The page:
Hashimoto later turned to politics, winning a seat in the Upper House in 1995. She is a member of an LDP faction that used to be led by Mori. She has been involved with Japanese Olympic-related organizations throughout her political career, including the JOC.
As the Tokyo Organising Committee president needs to be politically neutral, Hashimoto would face pressure to not only resign as Olympic minister but also, from some quarters, as a lawmaker. She has denied she is interested in the post.
Shinzo Abe, 66
Mori has indicated that he would be keen for the former prime minister to take over the role. Abe is remembered by many abroad for his appearance at the closing ceremony of the 2016 Olympics in Rio de Janeiro dressed as Nintendo’s Super Mario, in a symbolic gesture accepting the baton for the 2020 Games.
But while Abe and Mori are close, coming from the same LDP faction, the two are seen as being of similar political stature, without particularly strong influence over the other. Perhaps more importantly, while Abe, as a former prime minister, has the experience, political influence and connections to reassure the IOC that the Tokyo Olympics are under strong leadership, it is unclear whether he would take the high-stress job with little time to prepare.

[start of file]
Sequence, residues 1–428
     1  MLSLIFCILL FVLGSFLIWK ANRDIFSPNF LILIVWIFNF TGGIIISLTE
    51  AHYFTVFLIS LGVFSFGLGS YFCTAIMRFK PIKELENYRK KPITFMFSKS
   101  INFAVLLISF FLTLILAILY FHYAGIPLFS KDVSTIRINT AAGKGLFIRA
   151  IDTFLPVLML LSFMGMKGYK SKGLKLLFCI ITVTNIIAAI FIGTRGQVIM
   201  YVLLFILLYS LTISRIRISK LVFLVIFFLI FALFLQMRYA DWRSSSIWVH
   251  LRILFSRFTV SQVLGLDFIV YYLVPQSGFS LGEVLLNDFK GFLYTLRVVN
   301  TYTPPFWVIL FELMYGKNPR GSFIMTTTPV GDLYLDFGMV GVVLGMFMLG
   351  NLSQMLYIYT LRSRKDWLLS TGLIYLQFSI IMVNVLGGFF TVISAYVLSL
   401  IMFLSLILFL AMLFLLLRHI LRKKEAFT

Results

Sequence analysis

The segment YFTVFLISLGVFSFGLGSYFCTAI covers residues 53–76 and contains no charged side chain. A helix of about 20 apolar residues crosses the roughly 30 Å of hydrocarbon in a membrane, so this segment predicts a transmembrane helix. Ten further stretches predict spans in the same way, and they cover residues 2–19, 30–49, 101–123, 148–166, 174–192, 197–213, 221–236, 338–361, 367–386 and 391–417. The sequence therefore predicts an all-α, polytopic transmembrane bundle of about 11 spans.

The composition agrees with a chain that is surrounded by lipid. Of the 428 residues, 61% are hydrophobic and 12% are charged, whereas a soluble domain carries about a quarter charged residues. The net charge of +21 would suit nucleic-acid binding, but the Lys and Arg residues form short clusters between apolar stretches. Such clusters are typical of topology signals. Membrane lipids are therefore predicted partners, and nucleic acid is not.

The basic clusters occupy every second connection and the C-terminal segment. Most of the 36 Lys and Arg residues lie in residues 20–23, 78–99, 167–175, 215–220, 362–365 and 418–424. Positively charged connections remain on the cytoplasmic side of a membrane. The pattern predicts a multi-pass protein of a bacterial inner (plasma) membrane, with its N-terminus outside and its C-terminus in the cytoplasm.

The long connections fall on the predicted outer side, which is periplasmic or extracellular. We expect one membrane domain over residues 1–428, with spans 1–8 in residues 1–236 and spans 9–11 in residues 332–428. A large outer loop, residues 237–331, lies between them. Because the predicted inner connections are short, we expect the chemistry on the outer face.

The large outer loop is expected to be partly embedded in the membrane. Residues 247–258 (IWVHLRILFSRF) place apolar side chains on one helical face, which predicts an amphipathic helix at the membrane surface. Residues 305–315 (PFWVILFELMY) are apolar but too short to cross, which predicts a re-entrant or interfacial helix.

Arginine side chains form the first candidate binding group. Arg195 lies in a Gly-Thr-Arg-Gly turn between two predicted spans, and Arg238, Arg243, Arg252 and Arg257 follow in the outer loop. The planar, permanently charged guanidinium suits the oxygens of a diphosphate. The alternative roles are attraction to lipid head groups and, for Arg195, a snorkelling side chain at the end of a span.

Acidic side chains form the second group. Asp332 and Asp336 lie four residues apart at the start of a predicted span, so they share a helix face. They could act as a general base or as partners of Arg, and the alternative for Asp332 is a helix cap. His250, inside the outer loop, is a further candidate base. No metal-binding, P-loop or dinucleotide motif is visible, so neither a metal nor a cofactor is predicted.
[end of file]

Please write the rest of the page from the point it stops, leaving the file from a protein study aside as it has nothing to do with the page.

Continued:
Abe resigned as prime minister in September over a health problem, and has since been questioned by prosecutors over a political funds scandal. The former prime minister could also face questions over his continued status as a lawmaker should he take the role.
Koji Murofushi, 46
As the commissioner of the Japan Sports Agency and a two-time Olympic medalist, Murofushi quickly emerged as a candidate for the presidency following Mori’s resignation.
Before he became the Sports Agency chief in October 2020, Murofushi was the sports director of the Tokyo Games, where he acted as a liaison between athletes, international federations and the organizing committee.
In 2012, the IOC voided Murofushi’s election to its Athletes’ Commission because he violated election rules by distributing campaign goods and posting fliers with his name on them.
Following Mori’s sexist remarks, the Japan Sports Agency issued a statement by Murofushi, saying the agency would observe the principle of gender equality. But he was also criticized for not directly referring to Mori’s comments.
As an athlete, Murofushi became the first Asian athlete to capture the gold medal in the hammer throw at the 2004 Athens Olympics. He won bronze at the 2012 London Games as well.